Jordan serves as the custodian of Jerusalem’s holy site known to Muslims as the Noble Sanctuary and to Jews as the Temple Mount, which is home to the Al-Aqsa Mosque

Netanyahu’s visit would be the first by an Israeli prime minister since the establishment of bilateral relations last year. Bibi, a common nickname for Netanyahu, will reschedule the trip with Emirati authorities, his office revealed.

Donald Trump’s son-in-law Jared Kushner, who also served as the then-president’s senior adviser – and is Jewish – helped establish talks between the two nations.

The trip planned for Thursday was meant to cement new diplomatic ties between the Middle East nations and boost the embattled Israeli leader’s re-election hopes just 12 days before voters head to the polls.

Jordan serves as the custodian of Jerusalem’s holy site known to Muslims as the Noble Sanctuary and to Jews as the Temple Mount, which is home to the Al-Aqsa Mosque.

During the trip Wednesday, the crown prince had to turn back at the King Hussein Bridge border crossing, according to Israeli media, due to a disagreement with Israeli authorities over the number of armed escorts that could accompany him.

Jordan’s Foreign Minister Ayman Safadi said Abdullah II had planned a private visit to join night prayers for the Muslim holy day marking Muhammad’s ascension to heaven.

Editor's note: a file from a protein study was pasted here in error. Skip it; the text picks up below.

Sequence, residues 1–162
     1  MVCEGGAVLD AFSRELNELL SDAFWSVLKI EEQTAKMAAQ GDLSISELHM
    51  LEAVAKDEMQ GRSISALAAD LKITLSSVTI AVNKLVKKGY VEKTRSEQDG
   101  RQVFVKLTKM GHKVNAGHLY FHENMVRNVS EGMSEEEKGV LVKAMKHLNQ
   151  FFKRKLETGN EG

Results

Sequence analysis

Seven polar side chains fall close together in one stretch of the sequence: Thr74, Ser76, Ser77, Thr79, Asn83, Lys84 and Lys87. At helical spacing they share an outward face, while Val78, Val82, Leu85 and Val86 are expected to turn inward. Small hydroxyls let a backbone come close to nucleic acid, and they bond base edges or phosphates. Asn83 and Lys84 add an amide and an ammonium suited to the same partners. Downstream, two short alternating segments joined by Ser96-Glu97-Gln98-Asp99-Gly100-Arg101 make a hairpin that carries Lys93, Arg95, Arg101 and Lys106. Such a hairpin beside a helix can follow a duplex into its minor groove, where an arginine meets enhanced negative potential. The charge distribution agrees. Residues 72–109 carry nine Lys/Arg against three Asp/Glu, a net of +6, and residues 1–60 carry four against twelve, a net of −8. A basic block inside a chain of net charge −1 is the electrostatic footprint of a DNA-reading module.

He claims Israel changed previously agreed-upon arrangements ‘at the last minute,’ forcing the crown prince to call off the visit.

‘His highness decided he did not wish to disrupt this peaceful night of prayer and decided to cancel his visit,’ he said, speaking through a translator at a Paris summit. ‘We cannot accept Israeli interference in the affairs of Al-Aqsa.’

Oded Eran, a former Israeli ambassador to Jordan, said the latest rift between Israel and Jordan reflected a deeper deterioration in relations in recent years.

‘The major problem is there is no dialogue between the No. 1’s in Jordan and Israel. That is to say between the prime minister and the king of Jordan,’ he said, saying the two leaders are not known to have met or spoken for at least three years.

Eran also said there is a lack of trust, highlighted by Israel’s plans last year to annex parts of the Israeli-occupied West Bank.